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Dell blurs lines with netbook and laptop with Mini 12

Dell blurs lines with netbook and laptop with Mini 12

Dell is walking the line between ultraportable PC and traditional laptop with its latest Inspiron Mini offering.

The computer maker this week unveiled its Inspiron Mini 12, which now is available in Japan and is slated to launch globally next month. With a starting price below US$600, the Mini 12 supports the Windows Vista, Ubuntu Linux and Windows XP operating systems.

Weighing in at under 3 pounds and less than an inch thick, the Mini 12 is a sort of big brother to Dell's older Inspiron Mini 9. Not a computing powerhouse, the Mini 12 is geared to online chatting, uploading photos, surfing and downloading music, according to Dell.

"Dell is stretching its range of offerings, which is good," said Dan Olds, principal analyst with the Gabriel Consulting Group. "This is an improvement on the Mini 9 in that it has a good sized screen -- much bigger than the Mini 9 -- and standard hard drives of 60 or 80 GB. The Mini 9, with only solid state drives of 8 or 16 GB, really wasn't usable as a general-purpose machine."

Earlier this month, Gartner Inc. reported that mini-laptops have been keeping the PC market from sinking badly in the tough economy. A strong push from a new slew of mini-notebooks hitting the market is bolstering what otherwise would be a soft PC industry.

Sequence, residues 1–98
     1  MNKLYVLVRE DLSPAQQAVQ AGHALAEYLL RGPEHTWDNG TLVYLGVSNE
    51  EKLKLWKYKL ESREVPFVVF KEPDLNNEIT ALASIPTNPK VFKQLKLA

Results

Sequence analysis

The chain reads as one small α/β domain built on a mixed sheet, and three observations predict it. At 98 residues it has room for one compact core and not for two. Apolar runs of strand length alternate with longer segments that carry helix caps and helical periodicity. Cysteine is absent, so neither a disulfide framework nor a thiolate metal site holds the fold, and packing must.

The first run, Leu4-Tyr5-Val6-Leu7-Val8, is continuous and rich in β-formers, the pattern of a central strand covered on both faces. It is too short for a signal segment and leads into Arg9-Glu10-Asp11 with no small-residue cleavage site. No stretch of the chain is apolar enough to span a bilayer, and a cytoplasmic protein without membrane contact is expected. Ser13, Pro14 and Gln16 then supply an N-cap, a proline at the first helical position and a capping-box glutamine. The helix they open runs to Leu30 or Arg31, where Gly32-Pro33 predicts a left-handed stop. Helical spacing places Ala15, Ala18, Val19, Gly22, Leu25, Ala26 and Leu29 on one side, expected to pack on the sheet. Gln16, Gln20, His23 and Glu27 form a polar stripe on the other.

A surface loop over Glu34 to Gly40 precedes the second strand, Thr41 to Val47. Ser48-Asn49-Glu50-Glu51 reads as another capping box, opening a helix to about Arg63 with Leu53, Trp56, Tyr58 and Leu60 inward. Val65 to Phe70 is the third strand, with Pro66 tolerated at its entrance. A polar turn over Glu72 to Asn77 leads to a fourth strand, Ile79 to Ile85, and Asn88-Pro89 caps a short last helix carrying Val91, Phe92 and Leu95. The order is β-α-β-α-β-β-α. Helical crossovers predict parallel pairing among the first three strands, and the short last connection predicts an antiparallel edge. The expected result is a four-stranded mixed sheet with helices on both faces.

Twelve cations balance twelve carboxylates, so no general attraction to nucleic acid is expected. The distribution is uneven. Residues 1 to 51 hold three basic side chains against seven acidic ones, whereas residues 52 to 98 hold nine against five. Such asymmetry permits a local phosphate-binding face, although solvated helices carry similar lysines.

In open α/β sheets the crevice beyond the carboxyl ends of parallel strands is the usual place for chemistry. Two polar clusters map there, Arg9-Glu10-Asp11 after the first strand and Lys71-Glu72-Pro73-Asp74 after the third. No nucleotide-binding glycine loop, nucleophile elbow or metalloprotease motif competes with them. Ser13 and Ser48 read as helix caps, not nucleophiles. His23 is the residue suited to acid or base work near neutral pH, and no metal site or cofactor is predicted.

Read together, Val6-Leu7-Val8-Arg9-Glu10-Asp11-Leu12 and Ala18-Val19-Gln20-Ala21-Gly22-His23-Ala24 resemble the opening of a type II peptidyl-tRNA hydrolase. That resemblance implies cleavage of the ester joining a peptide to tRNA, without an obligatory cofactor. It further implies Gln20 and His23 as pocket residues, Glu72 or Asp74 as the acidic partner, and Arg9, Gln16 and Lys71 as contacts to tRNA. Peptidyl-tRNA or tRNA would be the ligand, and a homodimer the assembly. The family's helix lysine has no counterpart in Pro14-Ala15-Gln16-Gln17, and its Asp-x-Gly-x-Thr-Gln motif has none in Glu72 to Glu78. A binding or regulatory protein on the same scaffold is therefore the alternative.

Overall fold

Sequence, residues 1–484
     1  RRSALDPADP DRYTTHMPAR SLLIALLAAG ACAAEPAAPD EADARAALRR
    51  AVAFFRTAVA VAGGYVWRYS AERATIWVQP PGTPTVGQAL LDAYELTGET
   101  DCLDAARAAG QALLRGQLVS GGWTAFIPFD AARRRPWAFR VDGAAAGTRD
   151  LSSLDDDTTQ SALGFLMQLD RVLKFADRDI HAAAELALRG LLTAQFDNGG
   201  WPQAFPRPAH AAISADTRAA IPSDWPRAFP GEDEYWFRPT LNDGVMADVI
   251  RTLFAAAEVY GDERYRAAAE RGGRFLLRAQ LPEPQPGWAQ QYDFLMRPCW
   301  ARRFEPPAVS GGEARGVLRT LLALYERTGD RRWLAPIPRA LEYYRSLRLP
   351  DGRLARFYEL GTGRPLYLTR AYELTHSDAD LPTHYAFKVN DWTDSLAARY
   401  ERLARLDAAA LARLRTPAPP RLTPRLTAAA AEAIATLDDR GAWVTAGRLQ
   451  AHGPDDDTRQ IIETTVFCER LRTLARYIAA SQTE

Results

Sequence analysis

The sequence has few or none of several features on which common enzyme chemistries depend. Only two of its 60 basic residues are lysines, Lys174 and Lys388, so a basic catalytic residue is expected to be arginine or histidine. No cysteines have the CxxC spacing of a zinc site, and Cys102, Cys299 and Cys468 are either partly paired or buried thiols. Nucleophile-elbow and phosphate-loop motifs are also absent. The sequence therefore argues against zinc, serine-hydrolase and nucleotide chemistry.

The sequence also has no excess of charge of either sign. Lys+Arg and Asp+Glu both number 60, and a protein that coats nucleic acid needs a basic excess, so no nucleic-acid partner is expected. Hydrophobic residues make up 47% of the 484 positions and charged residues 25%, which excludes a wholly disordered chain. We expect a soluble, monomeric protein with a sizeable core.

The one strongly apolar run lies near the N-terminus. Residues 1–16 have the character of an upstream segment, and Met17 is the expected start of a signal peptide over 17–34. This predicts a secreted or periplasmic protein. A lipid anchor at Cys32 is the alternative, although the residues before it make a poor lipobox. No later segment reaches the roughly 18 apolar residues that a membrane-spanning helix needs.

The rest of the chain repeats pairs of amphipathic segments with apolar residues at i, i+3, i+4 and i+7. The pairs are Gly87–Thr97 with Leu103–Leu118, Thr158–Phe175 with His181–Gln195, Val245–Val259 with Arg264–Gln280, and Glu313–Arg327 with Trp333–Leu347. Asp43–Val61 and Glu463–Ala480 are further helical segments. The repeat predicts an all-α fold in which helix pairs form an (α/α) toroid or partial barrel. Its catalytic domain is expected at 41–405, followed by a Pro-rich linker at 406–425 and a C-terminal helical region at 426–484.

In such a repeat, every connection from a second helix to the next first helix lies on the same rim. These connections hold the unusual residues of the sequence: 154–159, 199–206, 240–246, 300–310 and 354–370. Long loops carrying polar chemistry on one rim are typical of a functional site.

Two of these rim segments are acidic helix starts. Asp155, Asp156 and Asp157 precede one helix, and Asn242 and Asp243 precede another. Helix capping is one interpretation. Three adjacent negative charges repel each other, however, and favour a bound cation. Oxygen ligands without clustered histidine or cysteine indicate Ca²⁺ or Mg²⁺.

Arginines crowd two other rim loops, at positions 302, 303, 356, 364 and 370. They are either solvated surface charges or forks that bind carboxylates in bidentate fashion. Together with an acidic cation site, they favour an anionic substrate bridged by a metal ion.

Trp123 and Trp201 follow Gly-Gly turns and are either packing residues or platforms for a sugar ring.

Gartner reported that Dell rivals Acer Inc. and Asus have been quick to get into the mini-laptop market.

And in August, Lenovo took a run at the fledgling market with an ultraportable laptop. Scheduled to be available this month, the IdeaPad S10 has a starting price of $399.  And this past June, Acer came out with the Aspire One mini-laptop.

Mini-laptops, increasingly known as netbooks, are relatively inexpensive, small-form-factor notebooks designed for basic applications, such as Web surfing, e-mailing and word processing. They're designed to use less power than traditional PCs and laptops and aren't robust enough for serious power users or gamers.

"Dell, here, is skirting the line between netbook and laptop, and it continues a trend for Dell getting away from the plain vanilla notebooks and desktops," said Olds. "It's interesting in that the Mini 9 is essentially only good as a device to connect to the Net. The Mini 12, though, is a full-fledged system, capable of handling a wide range of tasks. It won't be a speed demon, but it'll be fine for standard office applications, as well as downloading and listening to music."

Olds noted that the Mini 12 is a good first notebook for kids, but also would be useful business travelers concerned about battery life, weight, and having a variety of connectivity options.


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